cs, s = ϕs, s[hs,s + ψs, s](6)

where ϕ denotes the fraction of the individual’s wealth that will be allocated to consumption in his first year of life. The parameter ϕ is a function of the entire path of inflation and real interest rates over the individual’s lifetime. 11/ Thus, when the economy is not in steady state, ϕ will vary with the age of the individual as well as with time.

Once the first year level of consumption has been determined the remaining consumption and money demands can be obtained using the first order conditions from the individual’s utility maximization problem:

cs,s+t = (1 + rs+t1+δ)1/γ cs,s+t-1 t=1,…, 54.(7)
ms,s+t+1 = βξs+t+11/γ cs,s+t, t=0,…,53;β  = [(1θ)/θ]1/γ.(8)
ms,s+t = (ξs+t-1(1+rs+t-1)ξs+t(1+δ))1/γ ms, s+t-1 t=2,…,54(9)

Equations (7) and (9) represent Euler equations for consumption and money, respectively. Notice that the individual’s optimal decision regarding the intertemporal distribution of money balances depends not only on the real interest rate., but also on the marginal cost of holding money in consecutive periods. Equation (8) results from equating the marginal rate of substitution between contemporary levels of consumption and money balances to their relative prices. 12/

2. The production sector

There is a single production sector which is assumed to behave competitively. Both labor (L) and capital (k) are assumed to be homogeneous and the latter is non-depreciating. Furthermore, the absence of population growth, together with the assumption that retirement occurs at age 46, determines that the labor force is always composed by 45 individuals, each supplying inelastically one unit of labor. The production technology is assumed to be of the Cobb-Douglas type, under constant returns to scale.

Choosing units for the individual labor supplies in such a way that the total labor supply in each period is equal to one, the economy’s production function can be written as:

yt = ktα(10)

Perfect competition in the production sector will equate factor prices to their marginal productivities:

ωt = (1α)ktα(11)
rt = α ktα1(12)

Notice that ω represents the economy’s total wage income; therefore, the wage income received by a single working individual during a given year, w, is 1/45 of ω. Equations (11) and (12) will ensure that factor markets will always be in equilibrium in the sense that the sequence of demands for labor and capital will be equal to their supplies.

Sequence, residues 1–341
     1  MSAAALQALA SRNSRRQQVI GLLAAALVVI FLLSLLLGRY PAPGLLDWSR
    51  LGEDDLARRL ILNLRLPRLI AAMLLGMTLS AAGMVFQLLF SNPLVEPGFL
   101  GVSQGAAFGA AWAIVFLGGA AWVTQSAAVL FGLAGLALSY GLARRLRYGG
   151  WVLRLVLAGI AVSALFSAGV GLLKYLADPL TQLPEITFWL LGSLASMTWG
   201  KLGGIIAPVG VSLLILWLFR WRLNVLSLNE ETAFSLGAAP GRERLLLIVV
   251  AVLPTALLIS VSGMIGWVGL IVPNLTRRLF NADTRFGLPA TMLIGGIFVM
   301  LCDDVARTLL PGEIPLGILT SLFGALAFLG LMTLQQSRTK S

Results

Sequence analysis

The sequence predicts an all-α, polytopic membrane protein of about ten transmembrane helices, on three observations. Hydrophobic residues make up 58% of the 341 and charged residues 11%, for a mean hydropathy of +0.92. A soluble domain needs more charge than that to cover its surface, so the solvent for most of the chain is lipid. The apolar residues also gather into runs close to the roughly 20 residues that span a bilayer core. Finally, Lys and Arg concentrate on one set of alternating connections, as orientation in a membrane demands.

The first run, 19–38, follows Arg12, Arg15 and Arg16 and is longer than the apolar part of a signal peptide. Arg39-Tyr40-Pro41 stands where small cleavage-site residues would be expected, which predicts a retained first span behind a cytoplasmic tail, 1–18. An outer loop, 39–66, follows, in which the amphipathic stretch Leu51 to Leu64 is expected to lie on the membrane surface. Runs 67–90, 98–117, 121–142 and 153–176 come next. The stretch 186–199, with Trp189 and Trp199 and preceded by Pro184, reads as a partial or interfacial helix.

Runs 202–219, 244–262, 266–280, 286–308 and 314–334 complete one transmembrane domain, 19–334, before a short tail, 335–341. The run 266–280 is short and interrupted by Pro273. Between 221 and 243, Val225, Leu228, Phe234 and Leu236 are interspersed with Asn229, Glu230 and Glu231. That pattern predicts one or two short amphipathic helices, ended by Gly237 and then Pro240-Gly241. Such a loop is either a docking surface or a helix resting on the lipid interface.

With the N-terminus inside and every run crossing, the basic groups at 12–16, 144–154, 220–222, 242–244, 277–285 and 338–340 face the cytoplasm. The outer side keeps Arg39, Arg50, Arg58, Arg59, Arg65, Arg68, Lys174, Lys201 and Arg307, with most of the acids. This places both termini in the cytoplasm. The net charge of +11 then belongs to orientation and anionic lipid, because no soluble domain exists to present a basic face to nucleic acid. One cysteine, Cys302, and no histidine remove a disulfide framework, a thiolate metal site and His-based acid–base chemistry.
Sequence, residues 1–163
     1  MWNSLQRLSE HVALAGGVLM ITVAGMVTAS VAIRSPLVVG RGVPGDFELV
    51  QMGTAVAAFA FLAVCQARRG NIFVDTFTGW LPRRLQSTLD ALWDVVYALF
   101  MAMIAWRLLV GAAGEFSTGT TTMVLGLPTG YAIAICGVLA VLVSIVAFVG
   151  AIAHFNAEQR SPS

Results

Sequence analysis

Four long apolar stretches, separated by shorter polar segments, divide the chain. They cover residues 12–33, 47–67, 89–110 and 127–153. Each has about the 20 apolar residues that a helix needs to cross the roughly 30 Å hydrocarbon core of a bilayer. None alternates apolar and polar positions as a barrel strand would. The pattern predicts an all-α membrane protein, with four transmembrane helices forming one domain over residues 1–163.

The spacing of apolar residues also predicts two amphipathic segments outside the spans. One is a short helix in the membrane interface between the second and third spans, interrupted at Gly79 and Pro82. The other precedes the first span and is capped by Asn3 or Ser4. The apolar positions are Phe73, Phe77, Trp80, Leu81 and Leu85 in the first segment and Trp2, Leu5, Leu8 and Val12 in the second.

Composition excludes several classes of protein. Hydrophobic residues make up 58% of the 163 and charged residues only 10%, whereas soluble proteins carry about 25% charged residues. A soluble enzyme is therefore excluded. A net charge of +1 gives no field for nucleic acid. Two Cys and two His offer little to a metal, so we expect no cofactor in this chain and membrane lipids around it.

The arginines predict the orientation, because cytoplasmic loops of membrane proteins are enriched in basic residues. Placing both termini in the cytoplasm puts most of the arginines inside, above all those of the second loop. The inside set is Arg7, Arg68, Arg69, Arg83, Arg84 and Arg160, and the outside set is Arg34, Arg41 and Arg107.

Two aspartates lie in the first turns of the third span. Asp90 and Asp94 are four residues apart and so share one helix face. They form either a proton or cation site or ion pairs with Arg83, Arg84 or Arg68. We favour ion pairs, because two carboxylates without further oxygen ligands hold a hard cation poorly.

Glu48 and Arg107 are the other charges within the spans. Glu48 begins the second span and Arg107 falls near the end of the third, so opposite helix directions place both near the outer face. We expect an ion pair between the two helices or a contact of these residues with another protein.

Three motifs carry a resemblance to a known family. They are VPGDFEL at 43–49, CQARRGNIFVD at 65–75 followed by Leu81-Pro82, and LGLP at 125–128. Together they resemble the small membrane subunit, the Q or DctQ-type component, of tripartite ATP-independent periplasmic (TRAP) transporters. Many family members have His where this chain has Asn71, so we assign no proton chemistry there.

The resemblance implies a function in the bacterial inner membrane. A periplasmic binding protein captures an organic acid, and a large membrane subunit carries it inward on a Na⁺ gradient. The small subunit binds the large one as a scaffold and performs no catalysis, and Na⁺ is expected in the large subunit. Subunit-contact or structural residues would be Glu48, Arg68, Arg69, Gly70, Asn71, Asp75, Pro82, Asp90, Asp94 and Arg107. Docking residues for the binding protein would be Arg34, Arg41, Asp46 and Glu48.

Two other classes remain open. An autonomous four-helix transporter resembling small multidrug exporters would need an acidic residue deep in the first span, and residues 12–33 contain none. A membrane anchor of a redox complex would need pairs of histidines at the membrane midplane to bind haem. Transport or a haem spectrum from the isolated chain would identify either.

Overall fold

3. The government

The government is assumed to select exogenously the rate of monetary creation (μ) and to follow the monetary rule:

Mt+1 = Mt(1+μt)(13)

For positive values of μ the government collects seigniorage (S). The proceeds from seigniorage finance annual transfers (σ) to the private sector. Therefore, the government’s budget constraint is simply:

StMt+1MtPt = Σs=t-54t-1σs,t(14)

It is further assumed that the transfers are proportional to the individual monetary balances held at the beginning of the period: 13/

σs,t = St Ptms,tMt = μt ms,t(15)

Obviously, the selection of negative values of μ would amount to a policy of continually reducing the money supply via the collection of taxes σ and destroying the proceeds.

4. Equilibrium in the money market

Aggregation of the demands for money of all generations yields the economy’s aggregate money demand, m*. In equilibrium, m* must equal the real quantity of money available at the end of the period:

mt+1*Σs=t-53t ms,t+1 = Mt+1Pt(16)

Under the monetary policy rule defined by (13), this equilibrium condition leads to the following price equation:

Pt=Mt(1+μt)mt+1*(17)

5. Equilibrium in the capital market

Equilibrium in the capital market requires that the sum of all individual asset demands be equal to the existing capital stock. Denoting by as, t+1 the amount of assets held at the end of period t by an individual born in period s, the equilibrium condition for the capital market can be written as:

kt+1 = Σs=t-53tas,t+1(18)

In order to illustrate the implications of (18), consider the demand for real assets by the youngest 54 generation as a function of the current levels of wages and interest rates, the current government transfers, and the individual holdings of assets and money:

at,t+1 = wt - ct,t - mt,t+1(19)
at-s, t+1 = wt + σt-s,t + at-s, t(1+rt) +   mt-s + t1+πt - ct-s,t - mt-s, t+1;(20)s = 1,…,45
at-s, t+1 = σt-s, t + at-s, t(1+rt) +   mt-s, t1+Πt - ct-s, t - mt-s, t+1;(21)s = 46,…,53.

Equation (19) shows a budget identity for a newly born individual: his demand for the real asset has to be equal to the difference between his first period saving (w - c) and his purchase of real money balances. Equation (20) characterizes the behavior of the other individuals in the labor force. For them, the change in their holdings of real assets will equal their saving (w + a+ ra - c) minus their accumulation of real monetary balances. For those individuals already retired, their patterns of capital accumulation are similar to those described by (20) except that they do not receive a salary and, therefore, their current saving amounts to (ra + σ - c).

Substituting equations (19)-(21) into the equilibrium condition (18) and using knowledge of the fact that all generations will spend all their resources on consumption before dying yields:

kt+1 = ωt + (1+rt) kt - ct*(22)